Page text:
If you hike along the Töss from Winterthur’s Sennhof district to Kollbrunn, with a little luck in the cold season you’ll be able to make out, in a rock about 20 metres above the path, a figure: a man at work viewed from behind, hewn into the soft sandstone. It was the work of Polish internees during World War II, the old people in the valley say. But there are also other explanations; the figure could have been carved into the cliff even before World War II by a man who then left Switzerland forever. Our guide in the valley points out a second sandstone relief. It’s on a steep hiking trail between Rikon and the hamlet of Dettenried. The relief, which you cannot fail to see from the path, shows a man wearing a hat and strange, curvy houses that look a bit like those painted by Marc Chagall.We show the pictures to Polish-Swiss sculptor Romuald Polachowski, who lives in Aadorf, just a few kilometres from the Töss Valley. Polachowski is himself the son of a Polish internee. When he sees our pictures, he is electrified: ‘The picture from Rikon shows the head of a farmer from Zakopane in Poland’s Tatra Mountains.’ And the houses are also typical of that part of the country.Romuald Polachowski has an unusual and moving life story. His father Pawel was one of those 12,500 Poles who crossed the Swiss border in the Jura in June 1940, together with 20,000 French soldiers. After the German-Soviet invasion of their country the same year, the Poles had set out to fight alongside the Allies against Nazi Germany. In the region of Belfort in France, these troops were surrounded by the German Wehrmacht. They made their way to safety in neutral Switzerland, as provided for in the Hague Land Warfare Regulations. Switzerland disarmed the soldiers, and had to accommodate them until the end of the war. Larger camps proved to be unsuitable for this; there were problems and even revolts. In the Federal Archive we find the voluminous final report of the Eidgenössische Kommissariat für Internierung und Hospitalisierung (EKIH), the Federal commission tasked with handling the internment and hospitalisation of these soldiers. The document lists no fewer than 1,200 Swiss towns and villages that took in internees – practically every village in the Töss Valley.There are clear traces of this period in the valley: for instance, there is a ‘Polenweg’, a Poland trail, above Gibswil. It was mapped out during World War II by a young man who was very keen on sports, and built with the help of 30 Polish internees at a cost of what was then 800 francs. There are more than 25 of these trails in Switzerland. Constructing them was a way to keep the young men occupied without competing with local businesses.But the story of the soldier Pawel Polachowski doesn’t end there. After the war, he married a Swiss woman. This meant the woman lost her Swiss citizenship, and the family had to leave the country. Their son Romuald was born in Poland in 1947. It wasn’t until the early 1950s that the family was allowed to return to Switzerland. There were hundreds of such marriages in those days, and we know of more than 500 descendants of Polish-Swiss couples; Zug journalist Marie-Isabell Bill retold some of their life stories in a book published in 2020.There are other traces of this era to be found in the Töss Valley. French internees paved the floor of the Hirsgarten schoolhouse in Rikon, and as a reminder they left a mosaic, still clearly visible today, featuring the coat of arms of Mulhouse. Older people still remember this time well, and many kept up the contacts they made at the time long after the war. Ursula Vetter from Turbenthal was a child at the time. She has vivid memories of Italian and English internees. One of them, an Italian named Gino Bollani, walked her to kindergarten from time to time when she was five years old. Ursula’s mother, Emma Frei-Gubler, continued to exchange letters with Gino Bollani after the war. Emma Frei had gone to England as a young woman to live with a pastor’s family and learn English. At the time of the internments, she was probably the only person in the village who spoke English fluently. This fact quickly became known among the English-speaking internees, and the Frei family’s front room soon became a gathering place.We can find structural evidence from that era in Bauma, further up the Töss Valley. Two plaques at the Reformed Church commemorate the French and the British internees. The French and Polish internees have already been mentioned. But how did the Italian and British internees come to be in Switzerland? In Bauma’s Chronikarchiv, or chronicle record office, we find the translation of a document that provides the explanation.In the letter, one of the interned British soldiers describes how he was captured as a prisoner of war in the desert near Gazala in Libya on 6 June 1942. One of the great desert battles of World War II took place there. Troops of the British Eighth Army fought against the troops of German Field Marshal Rommel and his Panzer Army Africa. The German forces were supported by Italian units. The Briton was held in a prisoner-of-war camp in Tripoli for the first six months. Then he was taken by train via Naples to Rome, where he spent another three months in a prison camp. In September 1943 – Italy had just announced the armistice with the Allies – he was to have been transferred to Germany. Because his guards missed the transport train, they had to spend the night in the open at Pavia in northern Italy. Under cover of thick fog, he and three other prisoners of war managed to escape, and they eventually made it to safety in Switzerland. Bauma was one of the centres for British soldiers who managed to escape from captivity as prisoners of war. One group photo shows around 60 British soldiers in uniform in front of a house in the village.The French internees were allowed to return home in 1941. All the others stayed until the end of World War II in 1945. Most of the interned Poles didn’t want to go back to their country, which was now part of the Soviet zone, and tried their luck by emigrating elsewhere. Some also stayed on in Switzerland.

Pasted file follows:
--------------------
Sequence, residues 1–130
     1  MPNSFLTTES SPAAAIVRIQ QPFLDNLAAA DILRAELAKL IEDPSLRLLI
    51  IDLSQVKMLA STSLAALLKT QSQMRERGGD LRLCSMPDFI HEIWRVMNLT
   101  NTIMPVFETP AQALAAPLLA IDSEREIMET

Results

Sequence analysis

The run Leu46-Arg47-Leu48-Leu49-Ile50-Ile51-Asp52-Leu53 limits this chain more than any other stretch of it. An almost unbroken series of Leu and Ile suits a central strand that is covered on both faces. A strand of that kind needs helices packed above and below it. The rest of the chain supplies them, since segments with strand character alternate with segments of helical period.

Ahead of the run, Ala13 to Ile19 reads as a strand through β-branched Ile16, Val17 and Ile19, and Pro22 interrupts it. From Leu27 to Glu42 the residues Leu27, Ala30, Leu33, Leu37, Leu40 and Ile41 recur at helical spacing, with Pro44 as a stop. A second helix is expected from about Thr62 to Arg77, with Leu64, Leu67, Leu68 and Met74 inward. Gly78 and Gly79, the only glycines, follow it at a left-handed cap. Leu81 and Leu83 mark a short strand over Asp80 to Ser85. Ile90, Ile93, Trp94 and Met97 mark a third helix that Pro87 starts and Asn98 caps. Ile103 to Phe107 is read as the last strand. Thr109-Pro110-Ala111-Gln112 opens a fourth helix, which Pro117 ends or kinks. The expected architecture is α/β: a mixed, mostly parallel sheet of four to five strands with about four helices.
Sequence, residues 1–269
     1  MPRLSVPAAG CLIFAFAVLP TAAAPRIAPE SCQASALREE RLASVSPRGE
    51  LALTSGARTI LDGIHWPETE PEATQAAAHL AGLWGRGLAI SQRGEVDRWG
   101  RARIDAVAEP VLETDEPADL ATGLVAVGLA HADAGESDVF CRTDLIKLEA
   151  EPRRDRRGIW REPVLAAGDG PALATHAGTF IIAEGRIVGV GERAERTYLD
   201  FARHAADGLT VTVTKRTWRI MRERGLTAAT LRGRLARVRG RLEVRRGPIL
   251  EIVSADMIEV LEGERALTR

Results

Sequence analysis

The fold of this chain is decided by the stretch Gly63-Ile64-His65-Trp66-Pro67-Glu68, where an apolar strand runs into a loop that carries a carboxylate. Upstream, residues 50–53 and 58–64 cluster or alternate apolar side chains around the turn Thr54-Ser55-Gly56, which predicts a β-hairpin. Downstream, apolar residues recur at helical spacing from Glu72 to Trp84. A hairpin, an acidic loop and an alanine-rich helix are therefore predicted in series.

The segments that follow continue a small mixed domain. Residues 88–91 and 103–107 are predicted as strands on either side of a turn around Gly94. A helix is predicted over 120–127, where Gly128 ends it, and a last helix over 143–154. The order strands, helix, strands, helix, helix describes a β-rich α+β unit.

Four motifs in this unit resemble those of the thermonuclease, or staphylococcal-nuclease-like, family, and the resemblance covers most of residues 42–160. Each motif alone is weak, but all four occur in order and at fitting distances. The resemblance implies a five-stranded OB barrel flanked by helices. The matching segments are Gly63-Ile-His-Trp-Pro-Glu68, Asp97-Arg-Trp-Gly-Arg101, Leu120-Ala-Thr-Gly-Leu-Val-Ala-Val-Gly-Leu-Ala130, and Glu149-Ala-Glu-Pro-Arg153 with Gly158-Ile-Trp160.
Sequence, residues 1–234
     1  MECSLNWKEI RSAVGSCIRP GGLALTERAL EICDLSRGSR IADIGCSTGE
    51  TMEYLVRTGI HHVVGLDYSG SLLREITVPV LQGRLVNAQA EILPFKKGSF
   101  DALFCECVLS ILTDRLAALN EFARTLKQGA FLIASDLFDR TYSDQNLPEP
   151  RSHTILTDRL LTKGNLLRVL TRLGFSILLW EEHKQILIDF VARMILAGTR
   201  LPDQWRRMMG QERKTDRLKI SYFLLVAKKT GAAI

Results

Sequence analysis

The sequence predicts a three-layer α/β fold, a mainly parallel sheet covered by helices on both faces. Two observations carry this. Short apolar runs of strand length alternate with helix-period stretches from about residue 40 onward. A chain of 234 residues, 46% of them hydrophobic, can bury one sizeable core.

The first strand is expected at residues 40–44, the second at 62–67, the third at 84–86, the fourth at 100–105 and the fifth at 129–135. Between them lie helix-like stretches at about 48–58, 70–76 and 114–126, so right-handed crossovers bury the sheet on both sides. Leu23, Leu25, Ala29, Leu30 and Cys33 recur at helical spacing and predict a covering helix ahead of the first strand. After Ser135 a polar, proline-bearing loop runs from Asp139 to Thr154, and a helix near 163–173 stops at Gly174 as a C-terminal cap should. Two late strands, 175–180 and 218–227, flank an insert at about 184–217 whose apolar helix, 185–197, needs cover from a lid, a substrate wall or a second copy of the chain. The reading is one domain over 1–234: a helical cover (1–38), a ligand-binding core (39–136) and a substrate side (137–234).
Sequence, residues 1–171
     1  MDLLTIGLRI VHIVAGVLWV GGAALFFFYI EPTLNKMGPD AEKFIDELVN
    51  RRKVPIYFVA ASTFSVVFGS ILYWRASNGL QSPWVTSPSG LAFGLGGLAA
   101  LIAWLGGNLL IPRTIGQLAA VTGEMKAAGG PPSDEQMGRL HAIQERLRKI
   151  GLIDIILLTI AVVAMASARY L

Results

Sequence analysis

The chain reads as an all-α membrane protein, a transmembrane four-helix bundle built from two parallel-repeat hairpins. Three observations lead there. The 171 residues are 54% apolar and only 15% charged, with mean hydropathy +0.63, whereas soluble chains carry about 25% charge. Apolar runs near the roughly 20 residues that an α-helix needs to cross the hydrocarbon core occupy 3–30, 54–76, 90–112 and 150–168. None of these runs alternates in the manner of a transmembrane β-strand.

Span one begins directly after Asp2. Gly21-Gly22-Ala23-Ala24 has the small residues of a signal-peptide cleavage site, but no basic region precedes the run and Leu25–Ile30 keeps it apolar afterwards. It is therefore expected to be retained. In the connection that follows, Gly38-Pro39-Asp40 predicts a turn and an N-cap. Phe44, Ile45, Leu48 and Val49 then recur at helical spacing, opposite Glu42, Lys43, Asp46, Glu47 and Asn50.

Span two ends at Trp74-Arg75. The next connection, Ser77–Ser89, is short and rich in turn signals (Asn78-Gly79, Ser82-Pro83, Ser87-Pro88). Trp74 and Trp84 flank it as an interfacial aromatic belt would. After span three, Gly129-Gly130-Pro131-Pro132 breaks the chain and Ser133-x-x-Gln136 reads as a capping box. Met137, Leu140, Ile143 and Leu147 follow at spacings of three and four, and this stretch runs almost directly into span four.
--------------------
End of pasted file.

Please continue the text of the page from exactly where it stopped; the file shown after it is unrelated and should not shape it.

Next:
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In 1940, General Guisan stood on the battlefield and called for resistance. Meanwhile, French internees wanted to sing the Marseillaise. Yet again, women were responsible for their welfare. ‘Allons les femmes de la patrie.’